Idotea are relatively large, conspicuous and common marine isopods with oval or oblong bodies. Although they often have striking colours and patterns, these are not particularly useful for distinguishing between the various species. Rather, identification should be based on characteristics of the antennae, the coxal plates and the pleotelson.
Males of I. chelipes grow up to 15 mm in length, whilst females reach 10 mm. The antennules extend well beyond the third segment of the peduncle of the antennae, whilst the coxal plates are narrow, with only those of pereonites 5 to 7 extending to the rear margin. The pleotelson has subparallel sides, obtuse lateral corners, is slightly keeled towards the rear, and has a single rather rounded medial tip. Mostly greenish or brownish in colour.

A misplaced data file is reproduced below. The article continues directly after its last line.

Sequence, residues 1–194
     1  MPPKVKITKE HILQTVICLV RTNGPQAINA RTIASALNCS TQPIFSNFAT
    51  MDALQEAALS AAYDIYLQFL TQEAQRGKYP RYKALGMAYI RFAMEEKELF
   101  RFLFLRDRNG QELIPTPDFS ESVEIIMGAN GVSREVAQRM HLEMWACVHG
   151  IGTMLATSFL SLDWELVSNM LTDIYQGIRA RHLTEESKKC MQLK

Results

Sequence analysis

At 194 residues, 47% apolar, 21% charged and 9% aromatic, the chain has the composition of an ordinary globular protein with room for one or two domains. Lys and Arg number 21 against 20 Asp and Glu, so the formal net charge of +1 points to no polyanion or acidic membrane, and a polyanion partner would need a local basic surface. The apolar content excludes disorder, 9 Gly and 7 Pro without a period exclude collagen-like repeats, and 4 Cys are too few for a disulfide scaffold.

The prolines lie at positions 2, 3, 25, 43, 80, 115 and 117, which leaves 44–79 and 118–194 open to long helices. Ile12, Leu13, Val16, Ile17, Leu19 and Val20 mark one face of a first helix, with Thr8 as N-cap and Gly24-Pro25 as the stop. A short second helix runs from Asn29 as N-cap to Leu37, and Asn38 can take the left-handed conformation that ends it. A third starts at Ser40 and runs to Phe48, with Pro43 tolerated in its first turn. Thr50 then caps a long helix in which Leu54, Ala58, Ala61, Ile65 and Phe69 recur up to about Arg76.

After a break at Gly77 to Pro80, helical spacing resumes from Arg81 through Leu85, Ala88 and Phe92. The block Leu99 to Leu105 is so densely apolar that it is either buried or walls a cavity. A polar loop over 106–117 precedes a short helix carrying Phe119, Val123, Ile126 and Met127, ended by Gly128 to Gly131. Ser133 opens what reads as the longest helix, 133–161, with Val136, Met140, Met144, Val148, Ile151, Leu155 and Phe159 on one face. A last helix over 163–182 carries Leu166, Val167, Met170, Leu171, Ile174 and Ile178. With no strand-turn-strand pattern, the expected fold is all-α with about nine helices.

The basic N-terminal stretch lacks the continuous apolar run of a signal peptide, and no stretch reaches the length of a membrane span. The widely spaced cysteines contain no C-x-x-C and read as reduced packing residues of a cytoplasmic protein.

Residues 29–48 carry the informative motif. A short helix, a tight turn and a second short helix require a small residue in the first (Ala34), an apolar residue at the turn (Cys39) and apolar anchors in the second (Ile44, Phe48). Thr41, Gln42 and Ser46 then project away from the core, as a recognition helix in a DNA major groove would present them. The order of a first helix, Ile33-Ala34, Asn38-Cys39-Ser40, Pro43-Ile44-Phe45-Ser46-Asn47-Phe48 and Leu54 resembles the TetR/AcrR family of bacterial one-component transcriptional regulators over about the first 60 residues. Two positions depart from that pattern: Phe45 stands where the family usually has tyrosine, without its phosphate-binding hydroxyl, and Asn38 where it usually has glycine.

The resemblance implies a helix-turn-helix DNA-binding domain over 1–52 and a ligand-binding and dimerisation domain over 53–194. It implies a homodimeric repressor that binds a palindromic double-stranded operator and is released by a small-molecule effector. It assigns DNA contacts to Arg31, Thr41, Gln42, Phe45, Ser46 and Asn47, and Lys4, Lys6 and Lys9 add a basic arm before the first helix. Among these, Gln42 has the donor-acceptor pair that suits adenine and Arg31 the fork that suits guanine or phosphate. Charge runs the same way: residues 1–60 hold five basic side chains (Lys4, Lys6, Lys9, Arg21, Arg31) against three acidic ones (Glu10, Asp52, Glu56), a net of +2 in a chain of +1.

Distribution and Habitat
I. chelipes is a species of brackish water, being found in algae in estuaries and stream mouths and in brackish pools. It has been recorded on eastern British shores from the Humber southwards, and on southern and western coasts as far north as Shetland. There are also records up to the 1960s from Northumberland but no evidence of the species was found there in fieldwork conducted in the 1970s and 1980s (Foster-Smith 2000). It has occasionally been recorded on Irish coasts.
Foster-Smith, J. 2000. The Marine Fauna and Flora of the Cullercoats District: Marine Species Records for the North East Coast of England (Volume 1). Sunderland: Penshaw Press.
Naylor, E. & A. Brandt. 2015. Intertidal Marine Isopods. Synopses of the British Fauna (New Series), No. 3. Field Studies Council, for The Linnean Society of London.